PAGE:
Now that the replacement part has successfully passed the initial B-1 fit-check, the team is ready for the final steps. Before further production, they must run the part through a Fire, Smoke and Toxicity Test at the National Institute for Aviation Research at Wichita State University. Upon successful completion of that test, the part will be ready for USAF approval and installation into the operational B-1 fleet.
Founded in 2014, the Utah Advanced Materials and Manufacturing Initiative (UAMMI) brings together public, private, community, industry and education partners to assure growth and sustainability of Utah’s advanced materials and manufacturing industry and maintain Utah’s leadership in this key global industry. Being awarded this funding will allow UAMMI to bring additive manufacturing, or 3D printing of carbon materials, to the forefront here in Utah, which is quickly becoming a major interest for many Utah advanced manufacturing companies.
About America Makes
America Makes is the National Additive Manufacturing Innovation Institute. As the national accelerator for additive manufacturing (AM), America Makes is the nation’s leading and collaborative partner in AM and 3DP technology research, discovery, creation, and innovation. Structured as a public-private partnership with member organizations from industry, academia, government, non-government agencies, and workforce and economic development resources, we are working together to innovate and accelerate AM to increase our nation’s global manufacturing competitiveness. Based in Youngstown, Ohio, America Makes is the first Institute within the Manufacturing USA infrastructure and is driven by the National Center for Defense Manufacturing and Machining (NCDMM). For more information about America Makes, visit http://americamakes.us.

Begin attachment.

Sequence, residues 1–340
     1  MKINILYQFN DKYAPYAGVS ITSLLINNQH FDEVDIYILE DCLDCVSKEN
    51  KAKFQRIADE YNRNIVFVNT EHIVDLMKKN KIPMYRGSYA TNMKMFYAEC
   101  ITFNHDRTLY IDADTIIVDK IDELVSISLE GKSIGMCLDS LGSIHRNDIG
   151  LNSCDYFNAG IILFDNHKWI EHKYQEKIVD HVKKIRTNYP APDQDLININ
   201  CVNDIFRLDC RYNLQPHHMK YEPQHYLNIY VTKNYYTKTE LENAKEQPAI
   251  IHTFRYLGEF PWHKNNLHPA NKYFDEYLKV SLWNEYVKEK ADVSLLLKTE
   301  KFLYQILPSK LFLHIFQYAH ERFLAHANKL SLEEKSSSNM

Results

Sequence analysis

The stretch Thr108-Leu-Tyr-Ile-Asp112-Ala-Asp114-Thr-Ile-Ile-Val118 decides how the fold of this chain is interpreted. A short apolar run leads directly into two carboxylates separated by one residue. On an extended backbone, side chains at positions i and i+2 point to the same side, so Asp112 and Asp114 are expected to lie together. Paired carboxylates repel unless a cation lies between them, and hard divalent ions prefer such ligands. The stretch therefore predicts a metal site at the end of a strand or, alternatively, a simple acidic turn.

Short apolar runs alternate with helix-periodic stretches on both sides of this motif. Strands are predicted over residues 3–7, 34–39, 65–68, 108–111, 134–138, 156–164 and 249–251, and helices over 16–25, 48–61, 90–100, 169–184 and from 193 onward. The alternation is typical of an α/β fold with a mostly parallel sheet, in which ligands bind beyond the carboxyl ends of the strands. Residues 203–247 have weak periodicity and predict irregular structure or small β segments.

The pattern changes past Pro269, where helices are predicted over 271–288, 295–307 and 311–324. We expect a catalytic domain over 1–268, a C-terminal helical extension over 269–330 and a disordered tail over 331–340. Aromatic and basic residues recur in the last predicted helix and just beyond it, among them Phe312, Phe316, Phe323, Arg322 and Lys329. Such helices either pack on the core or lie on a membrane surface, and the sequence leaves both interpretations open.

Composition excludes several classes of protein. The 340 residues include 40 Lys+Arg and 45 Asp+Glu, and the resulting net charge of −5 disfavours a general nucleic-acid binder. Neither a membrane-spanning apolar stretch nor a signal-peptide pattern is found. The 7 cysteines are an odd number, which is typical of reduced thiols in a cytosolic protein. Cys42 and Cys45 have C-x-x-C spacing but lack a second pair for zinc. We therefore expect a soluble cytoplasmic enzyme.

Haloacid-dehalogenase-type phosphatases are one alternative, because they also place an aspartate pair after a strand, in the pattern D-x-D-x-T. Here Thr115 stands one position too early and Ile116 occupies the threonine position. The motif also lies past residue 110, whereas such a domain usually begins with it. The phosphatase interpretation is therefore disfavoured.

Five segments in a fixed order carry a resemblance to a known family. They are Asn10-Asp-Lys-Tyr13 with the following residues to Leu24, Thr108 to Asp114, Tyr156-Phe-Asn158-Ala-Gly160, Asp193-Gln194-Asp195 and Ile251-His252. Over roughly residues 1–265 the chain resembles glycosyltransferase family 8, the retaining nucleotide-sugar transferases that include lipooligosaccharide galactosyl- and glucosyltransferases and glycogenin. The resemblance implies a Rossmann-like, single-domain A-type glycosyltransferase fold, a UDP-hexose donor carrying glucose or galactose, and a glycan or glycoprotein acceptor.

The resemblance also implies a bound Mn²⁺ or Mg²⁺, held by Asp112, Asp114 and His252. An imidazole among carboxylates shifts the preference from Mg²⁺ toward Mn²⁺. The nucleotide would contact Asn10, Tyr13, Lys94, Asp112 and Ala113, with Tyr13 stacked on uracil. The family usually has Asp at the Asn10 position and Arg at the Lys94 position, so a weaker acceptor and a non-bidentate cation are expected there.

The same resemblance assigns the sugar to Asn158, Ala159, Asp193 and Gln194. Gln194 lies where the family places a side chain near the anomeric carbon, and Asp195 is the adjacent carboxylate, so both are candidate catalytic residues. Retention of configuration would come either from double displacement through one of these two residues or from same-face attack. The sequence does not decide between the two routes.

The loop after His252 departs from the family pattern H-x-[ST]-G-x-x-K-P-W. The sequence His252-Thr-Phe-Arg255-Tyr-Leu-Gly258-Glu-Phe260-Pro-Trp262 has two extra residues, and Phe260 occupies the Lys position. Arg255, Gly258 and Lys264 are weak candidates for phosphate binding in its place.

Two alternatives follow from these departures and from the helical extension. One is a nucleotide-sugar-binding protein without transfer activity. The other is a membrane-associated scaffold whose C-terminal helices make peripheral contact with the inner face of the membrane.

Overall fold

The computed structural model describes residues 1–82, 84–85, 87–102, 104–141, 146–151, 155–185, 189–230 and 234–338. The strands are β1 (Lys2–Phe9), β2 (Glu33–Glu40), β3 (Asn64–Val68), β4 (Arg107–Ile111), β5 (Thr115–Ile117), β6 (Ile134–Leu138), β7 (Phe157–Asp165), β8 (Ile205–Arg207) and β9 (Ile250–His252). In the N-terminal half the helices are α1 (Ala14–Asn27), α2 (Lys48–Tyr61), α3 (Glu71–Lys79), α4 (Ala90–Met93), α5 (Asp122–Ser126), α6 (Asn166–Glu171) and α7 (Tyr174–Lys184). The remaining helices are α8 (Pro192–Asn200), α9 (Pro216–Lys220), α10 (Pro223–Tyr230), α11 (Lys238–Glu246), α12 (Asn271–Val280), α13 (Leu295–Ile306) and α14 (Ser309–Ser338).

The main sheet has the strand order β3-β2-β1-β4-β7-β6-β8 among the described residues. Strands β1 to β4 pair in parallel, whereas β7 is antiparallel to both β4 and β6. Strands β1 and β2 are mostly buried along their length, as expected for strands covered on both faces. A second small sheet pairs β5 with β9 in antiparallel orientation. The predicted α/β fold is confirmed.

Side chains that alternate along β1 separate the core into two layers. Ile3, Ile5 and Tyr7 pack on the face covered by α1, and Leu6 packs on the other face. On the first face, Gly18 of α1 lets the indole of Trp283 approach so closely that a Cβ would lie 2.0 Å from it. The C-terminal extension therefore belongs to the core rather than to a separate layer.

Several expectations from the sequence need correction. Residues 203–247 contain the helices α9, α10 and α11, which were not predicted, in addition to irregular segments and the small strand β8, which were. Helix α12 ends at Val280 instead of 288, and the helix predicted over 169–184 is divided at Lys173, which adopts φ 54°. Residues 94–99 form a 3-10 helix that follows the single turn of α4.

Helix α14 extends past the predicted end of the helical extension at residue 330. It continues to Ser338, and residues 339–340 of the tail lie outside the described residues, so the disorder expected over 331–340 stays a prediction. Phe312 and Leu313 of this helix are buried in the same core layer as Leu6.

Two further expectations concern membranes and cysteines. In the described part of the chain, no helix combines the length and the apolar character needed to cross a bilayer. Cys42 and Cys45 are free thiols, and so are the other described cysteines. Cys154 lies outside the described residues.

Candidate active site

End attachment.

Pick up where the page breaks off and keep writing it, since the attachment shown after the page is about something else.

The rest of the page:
The MAMLS program is the Maturation of Advanced Manufacturing for Low-Cost Sustainment. It is funded by the Air Force Research Laboratory (AFRL), Materials and Manufacturing Directorate, Manufacturing and Industrial Base Technology Division. The program is aimed at improving efficiency of the factory and/or AF Air Logistics Complexes for rapid part replacement for legacy and other aircraft. https://www.americamakes.us/project-call-phase3-mamls/
About Impossible Objects
Impossible Objects, a 3D printer and materials company, was founded with the belief that materials science inventions would enable 3D printing to revolutionize the world in the same ways that computers and the Internet have revolutionized the way we live, work and play. The company’s proprietary composite-based additive manufacturing (CBAM) technology produces parts up to 10 times faster than conventional 3D printing. By combining high-performance polymers like Nylon and PEEK with long-fiber carbon and fiberglass sheets, CBAM produces parts that are stronger, lighter, with better temperature performance, and more durable than possible with conventional 3D printing methods. For more information visit www.impossible-objects.com.
Courtesy of Impossible Objects